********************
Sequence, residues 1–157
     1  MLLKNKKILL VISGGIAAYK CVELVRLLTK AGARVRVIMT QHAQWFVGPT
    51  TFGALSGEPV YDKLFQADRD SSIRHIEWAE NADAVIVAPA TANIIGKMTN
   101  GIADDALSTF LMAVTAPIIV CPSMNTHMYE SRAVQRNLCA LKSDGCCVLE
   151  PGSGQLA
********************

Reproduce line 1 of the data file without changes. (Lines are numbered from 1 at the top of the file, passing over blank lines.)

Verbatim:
Sequence, residues 1–157